Our lives are full of images we wish we could unsee, whether childhood traumas or the terrible accident on the way home from work. Or a notorious American prison, closed for 60 years. Last summer when I told my neighbor I wasn’t interested in seeing Alcatraz on my trip to San Francisco, she said, “Oh, you must go. It’s a bird sanctuary, and gardens flourish in the ruins of the prison.”
So without knowing anything other than the names of its most famous criminals — Al Capone, Machine Gun Kelly, and Robert Stroud, the “Birdman of Alcatraz” — I boarded a ferry, aptly named Solitary, with my daughter and her family at Pier 33 for the island, now managed by the National Park Service (NPS). I don’t know what I expected to see at the site, first a military, then federal prison, but there were gulls, cormorants, guillemots, and night-herons on the steep cliffs whitewashed by their excrement, and even some fluffy babies — though trails to fuller views on the old parade grounds were closed for the nesting season. We saw lush gardens beaten in the winds off the bitter Pacific, long ago planted and tended by officers’ families and prisoners: roses, fig trees, succulents, fuchsia, hawthorn, poppies.
I shivered peering into the tiny cells, imagining their damp cold; amateurish paintings and accordions to pass the sameness of time; the cafeteria as the most dangerous space on the compound. The worn structures jutted bleak and haunted from the rock island, and I thought how those lives must have degraded year after year, some mentally ill who now would have been treated in ways other than deprivation or solitary confinement.
Sometimes our traumas are so enormous and deeply embedded that, in self-preservation, we turn away from the worst of the world’s splinters. Just as I did in younger days, the baggage of my mother’s bipolar illness weighing me down — tongue-tied when two high school friends lost their mothers and, later, avoiding the workmate whose son committed suicide, the acquaintance who had a mastectomy. Not knowing what to say or how to empathize, how to embrace their grief when I was still puzzling out my own. We’ve all been there, guarded in our armored shells, imprisoned on our personal island. Tending our own gardens, literally and metaphorically.
Nonetheless, I’m drawn to those who are familiar with their grief. Like orphans, like moths to the flame, we recognize each other. Our parents’ divorce, our own. Our dark memories, our brokenness. We tell ourselves that, somehow, by melding these mutual hurts, we can mend the estrangements, we can sprint on in life’s three-legged race as one, wholeheartedly. But do we? Do we really sprint on as one — or continue to limp inside, the fracture unhealed?
My daughter didn’t go to Alcatraz willingly. She grumbled the whole way, punctuating the morning with sarcasm: “Yay, it’s prison day!” Perhaps she was right — what purpose did it serve to see this horrific chapter of history? To its credit, the NPS dedicates part of the tour to the racial and mental health injustices of the country’s entire prison system, which included Alcatraz, closed in 1963. Our visit there opened my eyes, and I hope my heart a little more, not only to the ravages of history, but as a caution, a reminder to turn toward suffering, both within and without — and not look away. To not harden myself to reaching out and exposing my own wounds, to not bar myself in a comfy cell of my own making.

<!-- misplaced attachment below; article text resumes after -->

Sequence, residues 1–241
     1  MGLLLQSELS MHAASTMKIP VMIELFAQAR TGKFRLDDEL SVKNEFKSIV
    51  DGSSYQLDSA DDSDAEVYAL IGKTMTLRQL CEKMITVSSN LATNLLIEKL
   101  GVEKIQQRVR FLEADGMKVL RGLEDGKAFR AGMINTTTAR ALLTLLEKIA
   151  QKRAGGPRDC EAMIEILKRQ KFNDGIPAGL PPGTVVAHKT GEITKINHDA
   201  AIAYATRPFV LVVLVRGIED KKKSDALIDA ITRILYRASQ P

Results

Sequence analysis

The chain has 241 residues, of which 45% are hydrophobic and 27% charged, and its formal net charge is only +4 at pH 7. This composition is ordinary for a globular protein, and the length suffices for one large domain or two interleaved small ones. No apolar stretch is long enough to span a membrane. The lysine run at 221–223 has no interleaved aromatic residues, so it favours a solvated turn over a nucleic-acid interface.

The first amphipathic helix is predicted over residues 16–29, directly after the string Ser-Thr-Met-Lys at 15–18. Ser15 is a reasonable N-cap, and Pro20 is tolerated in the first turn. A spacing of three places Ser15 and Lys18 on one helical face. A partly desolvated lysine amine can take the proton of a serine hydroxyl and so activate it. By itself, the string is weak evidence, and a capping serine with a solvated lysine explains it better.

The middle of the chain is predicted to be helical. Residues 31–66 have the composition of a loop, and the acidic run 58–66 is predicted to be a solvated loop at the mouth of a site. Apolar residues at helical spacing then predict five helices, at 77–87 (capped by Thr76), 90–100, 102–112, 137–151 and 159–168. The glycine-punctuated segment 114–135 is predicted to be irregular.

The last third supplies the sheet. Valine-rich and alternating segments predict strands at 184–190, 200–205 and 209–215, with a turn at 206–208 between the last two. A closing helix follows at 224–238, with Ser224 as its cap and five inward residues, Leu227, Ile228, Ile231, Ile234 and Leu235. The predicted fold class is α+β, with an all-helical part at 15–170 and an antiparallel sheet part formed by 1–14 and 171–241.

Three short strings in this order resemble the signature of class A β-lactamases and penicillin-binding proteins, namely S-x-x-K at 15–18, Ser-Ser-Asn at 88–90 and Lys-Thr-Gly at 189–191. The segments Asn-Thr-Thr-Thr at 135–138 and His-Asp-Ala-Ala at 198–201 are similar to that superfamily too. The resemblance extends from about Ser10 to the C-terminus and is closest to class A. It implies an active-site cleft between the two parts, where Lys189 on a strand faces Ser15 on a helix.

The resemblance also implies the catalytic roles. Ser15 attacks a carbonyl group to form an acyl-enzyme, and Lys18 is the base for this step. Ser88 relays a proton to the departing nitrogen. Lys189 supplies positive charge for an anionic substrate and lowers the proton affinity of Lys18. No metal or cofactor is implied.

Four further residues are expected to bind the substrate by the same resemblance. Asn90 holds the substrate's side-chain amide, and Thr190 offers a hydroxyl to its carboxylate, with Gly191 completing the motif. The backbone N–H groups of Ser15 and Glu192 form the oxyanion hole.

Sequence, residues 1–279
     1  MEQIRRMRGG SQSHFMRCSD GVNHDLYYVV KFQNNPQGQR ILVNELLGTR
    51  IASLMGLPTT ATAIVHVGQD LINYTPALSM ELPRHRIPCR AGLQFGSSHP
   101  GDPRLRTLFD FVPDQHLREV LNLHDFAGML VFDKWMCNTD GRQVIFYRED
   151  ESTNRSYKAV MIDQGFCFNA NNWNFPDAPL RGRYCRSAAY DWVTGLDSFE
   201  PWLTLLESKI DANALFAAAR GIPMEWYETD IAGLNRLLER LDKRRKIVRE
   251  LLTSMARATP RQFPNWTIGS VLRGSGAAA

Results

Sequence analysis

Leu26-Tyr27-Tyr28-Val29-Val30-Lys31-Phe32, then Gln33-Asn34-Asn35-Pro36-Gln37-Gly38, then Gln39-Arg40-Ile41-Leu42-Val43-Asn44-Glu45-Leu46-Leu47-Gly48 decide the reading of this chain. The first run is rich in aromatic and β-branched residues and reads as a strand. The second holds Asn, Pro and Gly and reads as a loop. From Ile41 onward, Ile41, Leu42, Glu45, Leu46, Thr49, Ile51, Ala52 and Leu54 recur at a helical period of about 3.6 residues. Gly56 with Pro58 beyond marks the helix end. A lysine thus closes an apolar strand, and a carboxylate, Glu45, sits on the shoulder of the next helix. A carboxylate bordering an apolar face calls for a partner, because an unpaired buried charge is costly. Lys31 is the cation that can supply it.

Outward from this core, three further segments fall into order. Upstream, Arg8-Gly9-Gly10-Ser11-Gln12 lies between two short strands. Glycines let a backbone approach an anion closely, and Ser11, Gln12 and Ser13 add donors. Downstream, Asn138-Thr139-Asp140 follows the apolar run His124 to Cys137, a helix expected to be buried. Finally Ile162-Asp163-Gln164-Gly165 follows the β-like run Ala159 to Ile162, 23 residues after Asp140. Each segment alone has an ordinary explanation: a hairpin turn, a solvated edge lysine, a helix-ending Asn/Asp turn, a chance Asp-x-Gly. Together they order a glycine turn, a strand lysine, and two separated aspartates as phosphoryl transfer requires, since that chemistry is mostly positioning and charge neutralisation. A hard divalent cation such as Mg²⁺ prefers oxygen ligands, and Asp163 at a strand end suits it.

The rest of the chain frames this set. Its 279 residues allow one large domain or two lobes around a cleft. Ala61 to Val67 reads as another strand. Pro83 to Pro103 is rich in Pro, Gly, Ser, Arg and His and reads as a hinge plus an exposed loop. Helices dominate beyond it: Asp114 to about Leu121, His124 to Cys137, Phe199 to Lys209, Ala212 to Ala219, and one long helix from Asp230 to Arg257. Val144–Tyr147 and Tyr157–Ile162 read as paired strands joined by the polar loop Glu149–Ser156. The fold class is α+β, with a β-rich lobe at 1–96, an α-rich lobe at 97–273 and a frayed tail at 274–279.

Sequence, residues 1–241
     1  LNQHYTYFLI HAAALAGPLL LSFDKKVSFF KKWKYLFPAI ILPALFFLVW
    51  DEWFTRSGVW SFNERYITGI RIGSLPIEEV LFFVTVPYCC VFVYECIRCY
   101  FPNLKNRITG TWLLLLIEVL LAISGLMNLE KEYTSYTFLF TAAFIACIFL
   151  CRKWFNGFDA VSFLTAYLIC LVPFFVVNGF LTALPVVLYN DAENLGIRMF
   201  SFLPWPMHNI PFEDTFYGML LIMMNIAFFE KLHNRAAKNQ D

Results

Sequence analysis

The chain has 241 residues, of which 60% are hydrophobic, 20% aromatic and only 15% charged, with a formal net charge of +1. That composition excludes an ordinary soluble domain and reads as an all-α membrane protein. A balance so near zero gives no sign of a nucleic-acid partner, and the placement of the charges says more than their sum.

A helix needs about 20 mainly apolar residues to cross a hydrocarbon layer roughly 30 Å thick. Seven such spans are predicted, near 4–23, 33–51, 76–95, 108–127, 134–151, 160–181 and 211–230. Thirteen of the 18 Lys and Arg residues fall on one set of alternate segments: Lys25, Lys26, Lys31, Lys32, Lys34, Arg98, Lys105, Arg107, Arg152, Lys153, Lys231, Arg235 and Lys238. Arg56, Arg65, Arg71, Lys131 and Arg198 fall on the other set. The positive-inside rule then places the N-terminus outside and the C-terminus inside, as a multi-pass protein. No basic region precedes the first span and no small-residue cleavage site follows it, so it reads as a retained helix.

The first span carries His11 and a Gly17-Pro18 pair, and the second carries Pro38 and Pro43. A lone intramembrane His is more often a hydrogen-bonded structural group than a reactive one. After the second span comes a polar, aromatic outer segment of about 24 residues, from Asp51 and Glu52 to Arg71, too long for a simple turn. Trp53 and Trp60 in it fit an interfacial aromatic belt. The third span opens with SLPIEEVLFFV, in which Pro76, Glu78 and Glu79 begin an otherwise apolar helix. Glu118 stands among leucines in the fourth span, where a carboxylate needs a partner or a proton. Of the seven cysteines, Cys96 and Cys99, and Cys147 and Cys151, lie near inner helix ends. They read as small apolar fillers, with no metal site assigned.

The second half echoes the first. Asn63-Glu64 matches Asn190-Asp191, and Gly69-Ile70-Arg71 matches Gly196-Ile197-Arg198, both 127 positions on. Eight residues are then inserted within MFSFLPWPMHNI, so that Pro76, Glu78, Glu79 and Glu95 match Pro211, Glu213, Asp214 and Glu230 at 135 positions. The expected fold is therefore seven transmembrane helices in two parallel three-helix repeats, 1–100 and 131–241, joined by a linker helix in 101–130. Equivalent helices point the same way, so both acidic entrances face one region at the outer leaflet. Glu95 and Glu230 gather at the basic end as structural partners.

I’m learning to take in those things I once wanted to unsee. I’m learning that we must first mend the ragged pieces of ourselves before we can bring that self wholly to others. I’m learning to continue praying for the unconscious man on the roadside, as well as the one pumping his chest in CPR after the accident. To send my energies and comforts out and out, as well as my actions for change and justice. The wild gardens on Alcatraz are called survivor plants. A fitting term for what they have witnessed and borne in the wind-whipped decades. Fitting for what we all witness and bear in our own weathered years and still shoulder willingly, the burdens shared with others, whether hugs or casseroles.
As we waited to queue onto the ferry for the mainland, my oldest granddaughter looked up and pointed — above us a love letter in the sky, puffy and cloudlike: ❤ momo ❤ Whoever or whatever “momo” was, it was surrounded by hearts, by love, broadcast for all to see. Even there, on “The Rock,” as inmates called Alcatraz. Even in a place that called us to look hard and long at the blackest recesses of humanity before turning back to the bright bay as the fog lifted, glinting with white caps and sun.
Poet, playwright, essayist, and editor, Linda Parsons is the poetry editor for Madville Publishing and the copy editor for Chapter 16. Her sixth poetry collection, Valediction, is forthcoming in June 2023. Five of her plays have been produced by Flying Anvil Theatre in Knoxville, Tennessee. She is an eighth-generation Tennessean.